With less than 100 days until the November election, Penn Democrats is ramping up its virtual student outreach efforts and engagement with local candidates.
Penn Dems hosted an online meet-and-greet featuring 10 candidates looking to flip the Pa. statehouse, who spoke to students about their current campaigns and how young people can best involve themselves in efforts related to the upcoming election. This year, Democrats need a net gain of four senate seats and nine state house seats to control both chambers of Congress.
The online event, hosted on Gatherly in partnership with Turn PA Blue, High School Democrats of Pennsylvania, and Haverford College Democrats, featured presentations from 1992 College graduate Anton Andrew, 2017 Master of Liberal Arts graduate Rep. Jennifer O'Mara (D-Delaware County), Gary Spillane, Nancy Guenst, Deb Ciamacca, Paul Friel, Rep. Wendy Ullman (D-Bucks County), Jonathan Kassa, 1990 Penn Law graduate and 1984 Wharton graduate Ann Marie Mitchell, Marlene Katz, and John Kane.
The event's thirty attendees heard brief presentations from each of the candidates, who come from a wide variety of career paths and backgrounds. The panel featured a lawyer, historian, professor, high school teacher, and businessman.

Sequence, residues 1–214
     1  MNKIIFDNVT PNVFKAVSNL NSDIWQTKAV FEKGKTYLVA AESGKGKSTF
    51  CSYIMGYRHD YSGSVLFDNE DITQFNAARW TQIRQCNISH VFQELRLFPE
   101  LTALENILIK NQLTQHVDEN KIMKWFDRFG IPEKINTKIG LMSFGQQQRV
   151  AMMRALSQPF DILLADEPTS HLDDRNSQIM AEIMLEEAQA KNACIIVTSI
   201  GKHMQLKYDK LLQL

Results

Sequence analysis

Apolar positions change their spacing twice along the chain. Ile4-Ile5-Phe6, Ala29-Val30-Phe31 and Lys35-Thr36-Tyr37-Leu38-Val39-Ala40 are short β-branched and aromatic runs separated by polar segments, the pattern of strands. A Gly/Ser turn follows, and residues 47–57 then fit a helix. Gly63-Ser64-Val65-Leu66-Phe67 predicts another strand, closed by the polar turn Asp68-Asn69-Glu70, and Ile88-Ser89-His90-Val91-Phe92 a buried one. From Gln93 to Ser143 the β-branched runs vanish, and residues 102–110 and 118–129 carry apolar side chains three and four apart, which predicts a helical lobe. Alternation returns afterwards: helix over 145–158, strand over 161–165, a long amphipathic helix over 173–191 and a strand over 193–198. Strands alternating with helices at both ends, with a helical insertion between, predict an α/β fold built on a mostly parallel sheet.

Rising College junior and Penn Dems Political Director Michael Nevett said the personalized nature of the event allowed for students to become familiar with each candidate's priorities, which he believes will allow students to better support them if they choose to do so.
“The fact that people now know the names and have had conversations with some of these candidates really allows students to be more engaged over the next three and a half months, Nevett said. "If you’re having phone banks for someone, it comes so much easier if it's someone that’s taken the time to have a conversation with you. It feels like they are really listening to you.”
Penn Dems Communications Director and rising College sophomore Emma Wennberg said the virtual event is reflective of the group's general emphasis on state politics, which Penn Dems is working to further promote in the fall semester.
“The Pennsylvania state legislature is not getting enough attention in our political conversation. All the things that we really care about, and that matter most, education, the environment, healthcare, there’s so much that happens in the Pennsylvania legislature,” Wennberg said. “If we want to win up and down the ballot, we have to also win in these areas, so this will definitely affect the national race as well.”
Gary Spillane, one of the event's featured candidates who is running to flip House District 144, said this year’s election will be different in many ways, both due to limitations that the COVID-19 pandemic has imposed on in-person campaign events and the effects of recent civil unrest regarding anti-police brutality efforts across the nation.
“With a pandemic and civil unrest, we learn more about our leaders,” Spillane said. “We are working to unite our community, seeing the strength in waking up to our prejudices. “We have a tremendous opportunity to reshape our leadership and focus with these elections. They matter.”
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